The family thinks, maybe all at the same time, about where Rick has gone. They all loved Rick. He had a quality none of them had save the father: he was roguish. He brought home women and didn’t care who was in the house. He brought home men and didn’t care who was in the house. Everyone else listened to their pretentious indie darling music and he shamelessly blasted top 40, or the indie darlings of five years ago, long out of vogue. They all loved their things genuinely, but Rick liked to be different. Rick would ask them why they liked what they liked, and often started fights on that account. Their dad never meddled in their interests. Rick liked to start fires under asses. He caught a few jabs in the arm, narrowly dodged a punch or two in the face. They all miss him. They miss him because, with him, and with their father, an entire quality of the family will disappear. They won’t be rogues anymore.
- - - - -
Laramie thought to herself, “Maybe the album is about disappearing, too.” And she decided she’d add that to the list, should it ever come up, from a fan or from a ballsy interviewer. Best yet, she wouldn’t be lying.
- - - - -
Reynolds Hoff is the now-dying dad. He lived his life as a jack of all trades. He wouldn’t live it any other way. They tried to make him. He always told the kids: “What I do isn’t something I recommend. Do one thing. Do it well. Imagine new things all the time.” After saying that, he’d take a pull from his pipe and cough a little bit. They’re all amazed he doesn’t have lung cancer. They’re amazed he never slid and fell during one of his morning runs. Before he ended up in the hospital, he was in tremendous shape, like people tend to be before an illness falls out of the sky like a cartoon anvil, bringing annihilation and loss of appetite.
In the hospital bed, since he was never much of a TV watcher (past HBO dramas, soccer, and the occasional high-stakes game show), he walks through memory. He drinks it in, for the first time in years; it’s hard to do when you’re working all the time.
He remembers his wife’s long blond hair. She let it grow and grow and it seemed like it would never end. He remembers it stained with blood during the non-birth of the final child. When they went to France, a trip they saved for, together, for years, French men asked to touch her hair. She had a tooth missing in her lower row of teeth, and was careful not to show it. When they kissed with tongue sometimes, he could feel it. A little secret alleyway in her heart and soul. Maybe it wasn’t secret. She joked about her many secret boyfriends. Maybe one or two weren’t a joke. Reynolds wouldn’t have cared. Laila made him whole, inside and out. So what if someone else got to experience that, once or twice or maybe more times than that? To say that he loved anyone else, or even thought of anyone else, was a blatant and outright lie. Early on, there was some of that, but it went away. It always went back to the waves of her air, the sound of her voice, usually that laugh that would get caught in her throat, and she’d touch her chest, in between her breasts, wave herself down, say something like oh mercy and then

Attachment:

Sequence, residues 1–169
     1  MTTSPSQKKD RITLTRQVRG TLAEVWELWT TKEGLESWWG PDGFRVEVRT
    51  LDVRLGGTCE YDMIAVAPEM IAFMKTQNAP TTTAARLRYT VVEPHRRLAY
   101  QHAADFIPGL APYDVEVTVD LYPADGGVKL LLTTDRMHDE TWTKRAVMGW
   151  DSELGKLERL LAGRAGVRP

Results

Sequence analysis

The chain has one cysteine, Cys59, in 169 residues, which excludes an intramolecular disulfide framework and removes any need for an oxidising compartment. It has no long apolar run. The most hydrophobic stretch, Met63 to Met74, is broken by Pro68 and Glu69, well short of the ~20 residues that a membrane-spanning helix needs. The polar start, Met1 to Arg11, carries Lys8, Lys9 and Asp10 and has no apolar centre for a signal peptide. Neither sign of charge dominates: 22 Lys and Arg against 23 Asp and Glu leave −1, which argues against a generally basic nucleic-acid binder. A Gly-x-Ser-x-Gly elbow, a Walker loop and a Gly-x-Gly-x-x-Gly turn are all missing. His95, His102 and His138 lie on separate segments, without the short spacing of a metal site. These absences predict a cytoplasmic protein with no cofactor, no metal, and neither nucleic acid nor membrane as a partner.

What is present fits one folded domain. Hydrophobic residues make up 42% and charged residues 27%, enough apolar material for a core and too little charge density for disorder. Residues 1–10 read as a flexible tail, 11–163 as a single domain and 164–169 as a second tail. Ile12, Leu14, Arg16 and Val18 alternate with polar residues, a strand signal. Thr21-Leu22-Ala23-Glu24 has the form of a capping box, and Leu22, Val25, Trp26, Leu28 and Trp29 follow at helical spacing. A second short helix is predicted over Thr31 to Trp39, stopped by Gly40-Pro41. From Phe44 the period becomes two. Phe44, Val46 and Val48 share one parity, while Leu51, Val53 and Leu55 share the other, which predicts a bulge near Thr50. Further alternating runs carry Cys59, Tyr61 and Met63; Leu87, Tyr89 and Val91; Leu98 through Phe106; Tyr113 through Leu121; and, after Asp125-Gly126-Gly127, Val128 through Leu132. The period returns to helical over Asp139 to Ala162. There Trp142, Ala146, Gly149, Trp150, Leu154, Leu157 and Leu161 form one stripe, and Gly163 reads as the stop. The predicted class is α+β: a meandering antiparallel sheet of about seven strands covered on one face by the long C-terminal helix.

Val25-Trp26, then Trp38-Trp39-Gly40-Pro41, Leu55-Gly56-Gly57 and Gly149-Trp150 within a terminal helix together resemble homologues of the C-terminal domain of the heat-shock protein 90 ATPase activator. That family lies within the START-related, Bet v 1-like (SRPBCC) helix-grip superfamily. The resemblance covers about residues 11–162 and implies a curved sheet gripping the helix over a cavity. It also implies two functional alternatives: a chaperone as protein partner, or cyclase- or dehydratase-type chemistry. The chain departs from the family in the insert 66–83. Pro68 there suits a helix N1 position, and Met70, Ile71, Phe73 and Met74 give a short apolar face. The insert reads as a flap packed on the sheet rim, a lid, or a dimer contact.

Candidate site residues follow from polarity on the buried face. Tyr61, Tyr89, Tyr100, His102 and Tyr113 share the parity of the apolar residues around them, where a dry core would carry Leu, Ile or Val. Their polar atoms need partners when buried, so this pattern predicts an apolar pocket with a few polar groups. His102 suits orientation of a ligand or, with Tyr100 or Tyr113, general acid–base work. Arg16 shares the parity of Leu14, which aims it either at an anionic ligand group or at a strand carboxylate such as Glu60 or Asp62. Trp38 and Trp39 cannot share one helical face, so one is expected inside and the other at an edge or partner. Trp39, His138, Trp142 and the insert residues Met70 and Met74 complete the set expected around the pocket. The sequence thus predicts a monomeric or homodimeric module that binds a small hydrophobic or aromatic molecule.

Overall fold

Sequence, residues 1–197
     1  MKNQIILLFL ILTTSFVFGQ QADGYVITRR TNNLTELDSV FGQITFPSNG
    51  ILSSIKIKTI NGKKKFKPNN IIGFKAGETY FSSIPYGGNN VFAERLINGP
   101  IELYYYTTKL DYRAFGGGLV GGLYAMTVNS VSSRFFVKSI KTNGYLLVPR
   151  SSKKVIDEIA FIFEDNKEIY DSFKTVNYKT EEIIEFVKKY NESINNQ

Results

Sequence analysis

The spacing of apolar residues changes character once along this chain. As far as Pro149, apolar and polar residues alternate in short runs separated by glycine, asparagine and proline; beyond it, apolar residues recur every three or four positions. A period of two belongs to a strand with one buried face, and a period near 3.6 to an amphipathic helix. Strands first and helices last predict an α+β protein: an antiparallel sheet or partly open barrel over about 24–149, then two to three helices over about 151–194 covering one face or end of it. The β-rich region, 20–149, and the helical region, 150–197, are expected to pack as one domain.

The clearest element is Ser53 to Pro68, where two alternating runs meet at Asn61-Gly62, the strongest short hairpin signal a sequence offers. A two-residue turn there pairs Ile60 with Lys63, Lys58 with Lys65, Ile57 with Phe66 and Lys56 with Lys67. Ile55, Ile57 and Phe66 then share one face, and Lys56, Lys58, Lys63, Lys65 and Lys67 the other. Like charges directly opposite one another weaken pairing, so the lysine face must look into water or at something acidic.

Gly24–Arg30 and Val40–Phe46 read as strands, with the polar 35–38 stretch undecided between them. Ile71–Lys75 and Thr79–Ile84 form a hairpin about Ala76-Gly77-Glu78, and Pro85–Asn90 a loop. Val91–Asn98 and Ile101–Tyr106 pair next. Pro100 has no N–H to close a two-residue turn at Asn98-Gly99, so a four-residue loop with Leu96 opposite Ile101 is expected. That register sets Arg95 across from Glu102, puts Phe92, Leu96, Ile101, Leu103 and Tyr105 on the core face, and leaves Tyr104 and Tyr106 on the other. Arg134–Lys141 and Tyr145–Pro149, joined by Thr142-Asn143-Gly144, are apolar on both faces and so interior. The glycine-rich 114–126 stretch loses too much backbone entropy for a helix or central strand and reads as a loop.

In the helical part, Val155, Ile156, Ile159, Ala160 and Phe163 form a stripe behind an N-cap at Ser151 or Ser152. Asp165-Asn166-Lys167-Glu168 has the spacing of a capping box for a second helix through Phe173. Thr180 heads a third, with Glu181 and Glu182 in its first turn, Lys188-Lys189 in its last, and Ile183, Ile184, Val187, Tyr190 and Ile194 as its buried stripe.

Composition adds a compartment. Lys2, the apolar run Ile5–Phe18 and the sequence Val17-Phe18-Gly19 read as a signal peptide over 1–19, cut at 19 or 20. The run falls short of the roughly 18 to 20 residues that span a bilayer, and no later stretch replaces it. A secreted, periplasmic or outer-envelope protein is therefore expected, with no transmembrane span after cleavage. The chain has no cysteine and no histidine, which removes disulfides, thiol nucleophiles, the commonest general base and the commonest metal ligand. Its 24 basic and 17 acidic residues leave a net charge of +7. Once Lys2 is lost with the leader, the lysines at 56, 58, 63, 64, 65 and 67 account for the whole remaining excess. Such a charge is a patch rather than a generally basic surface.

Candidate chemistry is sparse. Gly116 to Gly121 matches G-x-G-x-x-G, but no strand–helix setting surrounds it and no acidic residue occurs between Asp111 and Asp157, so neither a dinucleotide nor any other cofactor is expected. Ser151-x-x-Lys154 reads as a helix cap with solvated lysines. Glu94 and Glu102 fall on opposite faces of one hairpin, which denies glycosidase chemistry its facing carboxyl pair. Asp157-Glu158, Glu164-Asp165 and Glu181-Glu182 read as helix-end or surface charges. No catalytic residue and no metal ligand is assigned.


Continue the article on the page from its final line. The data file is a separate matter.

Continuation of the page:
- - - - - - - - - -
Time of death: 12:52am, a Saturday, 201x.
- - - - -
At 5pm on Friday, Laramie ran into the hospital with the first pressing under her arm. The cover wasn’t done yet: it was supposed to be a portrait divided into three sections and cross-cut — her face, her sister’s face, her favorite writer, Margaret Atwood’s chin as the third section. In spare type, the letters D E C A Y at the top. She wanted to make the name some celebration of life, but anything else would’ve been a lie.
When she ran in, everyone looked up. Her father was breathing, listening, popping in and out. She put the record on. It crackled to life, like a record does, and her voice cracked along with it. “I hope you like it,” she said, to no one in particular. The album rose to life slowly, a single classical piano chord from a classical piano she got on Craigslist, high, distended for all its worth. And then, another, the same chord, compressed, made shoddy. The next, moreso, turning into a canyon of white noise that filled the room. The next chord was the same as the first and the next was the same as the second and the next was as same as the third and the music came to life and her father nodded one nod, or seemed to.